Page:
2.  Cater to the family —  In my three cruises, I’ve been on two different cruise lines (Carnival and Princess), but Carnival does an amazing job of catering to the entire family.  From their Camp Carnival for the little kids all the way to a “club” style hangout for the older teens, there was something for everybody.  In fact, Carnival went out of there way to let parents know how their kids would be safe and cared for so they could enjoy the more “adult” activities of the ship.  We didn’t have our kids on this vacation with us (Praise Jesus), but I can guarantee you they would of been taking full advantage of the kids activities, which would allow us to take full advantage of ours.  So, church leaders, how are we doing on providing ministries for the whole family?  What are we doing to provide environments that meet the needs of all ages?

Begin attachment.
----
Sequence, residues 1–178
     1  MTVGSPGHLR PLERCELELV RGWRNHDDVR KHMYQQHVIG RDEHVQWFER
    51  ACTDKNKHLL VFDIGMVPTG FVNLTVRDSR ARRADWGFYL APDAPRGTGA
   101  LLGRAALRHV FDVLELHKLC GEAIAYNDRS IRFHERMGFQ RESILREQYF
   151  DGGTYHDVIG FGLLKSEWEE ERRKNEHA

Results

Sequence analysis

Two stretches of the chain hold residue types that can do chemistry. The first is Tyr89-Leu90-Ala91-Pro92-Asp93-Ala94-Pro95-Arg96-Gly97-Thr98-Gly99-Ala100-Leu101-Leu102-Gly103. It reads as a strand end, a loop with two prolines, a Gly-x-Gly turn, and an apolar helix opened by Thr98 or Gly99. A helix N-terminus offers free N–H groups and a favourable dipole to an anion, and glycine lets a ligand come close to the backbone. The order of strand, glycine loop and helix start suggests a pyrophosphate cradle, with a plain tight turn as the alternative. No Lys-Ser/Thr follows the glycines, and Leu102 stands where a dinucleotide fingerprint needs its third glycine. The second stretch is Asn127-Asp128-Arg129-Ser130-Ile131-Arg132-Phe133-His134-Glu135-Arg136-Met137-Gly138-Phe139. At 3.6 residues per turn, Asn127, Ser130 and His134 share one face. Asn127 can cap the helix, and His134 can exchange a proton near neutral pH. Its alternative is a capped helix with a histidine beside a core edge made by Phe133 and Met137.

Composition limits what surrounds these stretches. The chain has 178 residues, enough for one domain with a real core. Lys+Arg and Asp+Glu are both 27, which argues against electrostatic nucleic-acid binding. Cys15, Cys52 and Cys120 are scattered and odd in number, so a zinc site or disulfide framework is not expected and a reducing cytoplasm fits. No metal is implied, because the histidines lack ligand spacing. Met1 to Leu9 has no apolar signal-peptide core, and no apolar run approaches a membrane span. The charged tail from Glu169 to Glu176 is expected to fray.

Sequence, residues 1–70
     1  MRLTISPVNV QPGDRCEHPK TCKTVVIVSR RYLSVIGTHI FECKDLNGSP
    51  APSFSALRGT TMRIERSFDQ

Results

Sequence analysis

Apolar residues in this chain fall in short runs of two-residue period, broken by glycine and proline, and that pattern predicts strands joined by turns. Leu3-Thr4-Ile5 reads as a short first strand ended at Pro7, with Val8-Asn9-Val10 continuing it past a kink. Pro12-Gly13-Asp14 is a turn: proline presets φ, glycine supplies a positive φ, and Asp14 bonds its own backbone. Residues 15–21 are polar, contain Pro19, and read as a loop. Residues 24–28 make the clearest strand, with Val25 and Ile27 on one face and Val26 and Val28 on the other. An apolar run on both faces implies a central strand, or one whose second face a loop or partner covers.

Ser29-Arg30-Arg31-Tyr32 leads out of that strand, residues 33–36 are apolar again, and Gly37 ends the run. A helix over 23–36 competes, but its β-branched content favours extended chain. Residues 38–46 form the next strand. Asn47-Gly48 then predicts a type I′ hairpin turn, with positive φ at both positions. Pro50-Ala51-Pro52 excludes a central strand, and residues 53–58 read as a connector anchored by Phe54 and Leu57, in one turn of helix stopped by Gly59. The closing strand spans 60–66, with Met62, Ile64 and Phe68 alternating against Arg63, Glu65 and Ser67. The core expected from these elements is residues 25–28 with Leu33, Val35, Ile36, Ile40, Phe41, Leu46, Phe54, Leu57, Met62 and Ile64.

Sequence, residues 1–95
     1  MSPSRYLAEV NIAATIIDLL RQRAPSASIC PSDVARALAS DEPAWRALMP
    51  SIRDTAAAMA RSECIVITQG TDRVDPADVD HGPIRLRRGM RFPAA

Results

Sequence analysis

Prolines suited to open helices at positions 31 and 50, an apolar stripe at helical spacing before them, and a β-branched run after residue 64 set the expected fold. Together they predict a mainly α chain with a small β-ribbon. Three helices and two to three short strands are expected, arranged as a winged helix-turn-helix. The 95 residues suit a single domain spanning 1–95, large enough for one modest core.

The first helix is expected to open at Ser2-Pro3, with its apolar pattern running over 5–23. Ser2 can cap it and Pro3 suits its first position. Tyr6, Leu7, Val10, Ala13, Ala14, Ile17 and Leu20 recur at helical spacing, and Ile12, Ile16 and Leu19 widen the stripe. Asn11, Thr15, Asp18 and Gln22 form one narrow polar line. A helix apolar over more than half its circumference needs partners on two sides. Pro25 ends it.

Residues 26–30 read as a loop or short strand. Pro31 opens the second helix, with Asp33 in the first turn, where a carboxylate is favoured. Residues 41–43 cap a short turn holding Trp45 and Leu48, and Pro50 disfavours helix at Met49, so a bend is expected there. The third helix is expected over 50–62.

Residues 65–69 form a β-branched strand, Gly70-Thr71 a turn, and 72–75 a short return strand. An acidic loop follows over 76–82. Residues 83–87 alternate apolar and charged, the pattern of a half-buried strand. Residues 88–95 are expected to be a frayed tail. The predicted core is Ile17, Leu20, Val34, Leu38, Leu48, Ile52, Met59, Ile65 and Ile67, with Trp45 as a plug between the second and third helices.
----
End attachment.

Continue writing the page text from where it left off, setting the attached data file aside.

3.  Over the top hospitality — The hospitality on a cruise ship is second to none.  Our room steward learned our name and called us by name.  He didn’t have to do that.  The fact that EVERY TIME we came back to our room it had been cleaned up would of been enough, but he called us by name.  Around every corner a Carnival employee was there with a smile or a “can I help you with something?”  You can’t leave a coffee cup on a table unattended for more than 30 seconds before someone is there to scoop it up and clean off the table.  Signs were everywhere telling us where to go and how to get there.  You need something? Just ask!  One of the bar tenders who was working the main entertainment room learned what we wanted and by the end of the week was shocked when we ordered something different.  He was first shocked that we ordered virgin drinks, but next that we changed them up by the end of the week!  Ha!  So, church leaders, how are new people treated when they come into our churches?  Do they know where to go?  Is someone learning their name?  Are they getting their questions asked?  Are our churches clean, cared for and do they smell good?  I think one of the ways the church can make the best impression to a guest is by having over the top hospitality.